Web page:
The Hospital Report Card Act was recently passed by the Illinois General Assembly and sent to Governor Blagojevich on June 26. Assuming the governor approves this act within his allotted 60-day timeframe, it will go into effect January 1. All four Peoria-area hospitals, through their membership in the Illinois Hospital Association, participated in various discussions or meetings with IHA staff and/or legislators and their staffs to address the various components of the Hospital Report Card Act.
This act allows Illinois consumers access to information concerning hospital staffing and patient care outcomes. The Report Card Act calls for staffing and training information to be disclosed by the hospital upon the request of the consumer. In addition, nursing and nosocomial infection rate data will be reported to the Illinois Department of Public Health (IDPH) for release to the public.
The Hospital Report Card Act (SB 59) was a bipartisan measure cosponsored by Senators Barack Obama (D-Chicago), Christine Radogno (R-LaGrange), and Representative Mary Flowers (D-Chicago). This legislation was backed by organized labor and consumer and business groups. The bill’s intent is to empower consumers by making quality information about hospitals available for the public.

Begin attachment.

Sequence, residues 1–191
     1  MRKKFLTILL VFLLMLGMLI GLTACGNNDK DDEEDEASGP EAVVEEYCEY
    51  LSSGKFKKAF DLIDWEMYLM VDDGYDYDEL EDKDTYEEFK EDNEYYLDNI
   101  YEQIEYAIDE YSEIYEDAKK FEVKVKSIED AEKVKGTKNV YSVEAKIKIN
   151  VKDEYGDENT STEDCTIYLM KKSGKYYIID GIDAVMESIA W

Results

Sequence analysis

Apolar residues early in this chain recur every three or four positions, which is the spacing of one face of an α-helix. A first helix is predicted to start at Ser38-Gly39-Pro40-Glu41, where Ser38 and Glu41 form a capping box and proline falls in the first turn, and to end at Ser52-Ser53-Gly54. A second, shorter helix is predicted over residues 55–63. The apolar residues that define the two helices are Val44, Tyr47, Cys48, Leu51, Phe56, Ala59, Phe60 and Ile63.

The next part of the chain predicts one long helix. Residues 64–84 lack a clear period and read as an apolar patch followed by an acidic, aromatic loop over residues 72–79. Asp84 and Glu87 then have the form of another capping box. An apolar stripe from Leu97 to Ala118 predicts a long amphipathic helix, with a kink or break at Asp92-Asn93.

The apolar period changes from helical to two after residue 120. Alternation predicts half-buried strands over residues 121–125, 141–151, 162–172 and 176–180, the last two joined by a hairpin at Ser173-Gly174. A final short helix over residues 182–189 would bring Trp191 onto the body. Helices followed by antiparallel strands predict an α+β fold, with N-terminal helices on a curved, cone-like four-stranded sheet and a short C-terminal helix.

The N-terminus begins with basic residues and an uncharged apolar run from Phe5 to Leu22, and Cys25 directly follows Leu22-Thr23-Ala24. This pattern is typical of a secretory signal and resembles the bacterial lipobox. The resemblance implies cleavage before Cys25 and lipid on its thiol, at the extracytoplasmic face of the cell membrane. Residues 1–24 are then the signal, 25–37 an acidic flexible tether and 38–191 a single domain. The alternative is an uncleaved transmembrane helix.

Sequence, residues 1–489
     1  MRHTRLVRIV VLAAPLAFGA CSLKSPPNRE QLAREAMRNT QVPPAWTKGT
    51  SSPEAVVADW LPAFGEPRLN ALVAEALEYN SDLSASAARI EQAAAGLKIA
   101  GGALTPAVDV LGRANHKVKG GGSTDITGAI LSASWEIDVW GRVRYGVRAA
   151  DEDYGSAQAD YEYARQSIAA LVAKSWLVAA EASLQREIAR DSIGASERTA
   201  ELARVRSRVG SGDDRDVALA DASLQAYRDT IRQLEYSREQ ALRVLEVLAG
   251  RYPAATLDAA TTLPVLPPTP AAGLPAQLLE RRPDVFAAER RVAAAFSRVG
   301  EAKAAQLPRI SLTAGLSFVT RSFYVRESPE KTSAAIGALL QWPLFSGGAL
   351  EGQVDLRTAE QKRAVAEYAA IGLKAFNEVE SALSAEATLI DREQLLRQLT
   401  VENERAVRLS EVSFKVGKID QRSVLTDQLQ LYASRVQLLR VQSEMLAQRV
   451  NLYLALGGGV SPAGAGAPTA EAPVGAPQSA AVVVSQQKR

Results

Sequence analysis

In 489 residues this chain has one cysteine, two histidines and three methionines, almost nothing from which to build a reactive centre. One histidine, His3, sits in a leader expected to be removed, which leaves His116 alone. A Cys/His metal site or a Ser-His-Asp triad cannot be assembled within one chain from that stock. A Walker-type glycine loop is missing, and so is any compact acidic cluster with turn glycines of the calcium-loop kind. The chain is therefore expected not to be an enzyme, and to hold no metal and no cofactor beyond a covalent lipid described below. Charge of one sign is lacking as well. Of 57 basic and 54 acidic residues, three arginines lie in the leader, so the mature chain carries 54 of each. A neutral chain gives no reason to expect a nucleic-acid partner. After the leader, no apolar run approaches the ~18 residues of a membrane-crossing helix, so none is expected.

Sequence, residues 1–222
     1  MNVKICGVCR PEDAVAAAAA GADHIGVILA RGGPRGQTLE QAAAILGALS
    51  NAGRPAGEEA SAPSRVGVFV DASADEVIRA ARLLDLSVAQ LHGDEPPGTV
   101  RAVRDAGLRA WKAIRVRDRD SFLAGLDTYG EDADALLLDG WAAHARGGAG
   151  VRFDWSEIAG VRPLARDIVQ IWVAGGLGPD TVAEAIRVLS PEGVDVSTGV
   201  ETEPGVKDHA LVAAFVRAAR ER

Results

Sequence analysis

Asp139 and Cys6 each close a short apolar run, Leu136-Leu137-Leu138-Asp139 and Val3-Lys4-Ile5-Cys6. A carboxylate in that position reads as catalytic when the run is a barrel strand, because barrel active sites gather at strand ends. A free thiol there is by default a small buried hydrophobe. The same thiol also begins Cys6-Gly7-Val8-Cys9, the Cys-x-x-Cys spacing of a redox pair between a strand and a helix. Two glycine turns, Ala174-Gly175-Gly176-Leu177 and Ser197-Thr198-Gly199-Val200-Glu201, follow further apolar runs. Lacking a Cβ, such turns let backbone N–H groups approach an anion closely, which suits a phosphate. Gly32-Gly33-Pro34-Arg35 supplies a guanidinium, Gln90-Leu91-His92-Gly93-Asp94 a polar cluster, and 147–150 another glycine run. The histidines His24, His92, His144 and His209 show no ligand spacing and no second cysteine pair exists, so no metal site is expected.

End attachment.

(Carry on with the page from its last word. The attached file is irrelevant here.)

The IHA’s Web site succinctly summarizes that under this act, Illinois consumers will have access to the following information:
- Unit staffing schedules.
- Nurse-patient assignment rosters.
- Hospital-specific methodologies to determine and adjust nurse staffing levels.
- Records of staff training.
- Nursing coverage, reported in standardized units.
- Select hospital-borne infections based on CDC definitions.
- Risk adjusted mortality data.
The Hospital Report Card Act is a landmark change for the State of Illinois. Under this bill, key stakeholders will be required to work together to design a data validity and accuracy protocol to assure compliance with this bill. The goal must be to provide data that accurately reflects the patient care outcomes in the fairest manner possible.
This legislation joins a growing national movement that promotes the sharing of hospital performance and quality information with the public. The issue is not whether quality data be shared, but rather what and how the data will be shared with our consumers. The continuing challenge will be creating an environment where we can exchange quality measures and partner with the public on the improvement of these outcome measures.
This is an exciting time in health care, with many new opportunities to create the best for those we serve. IBI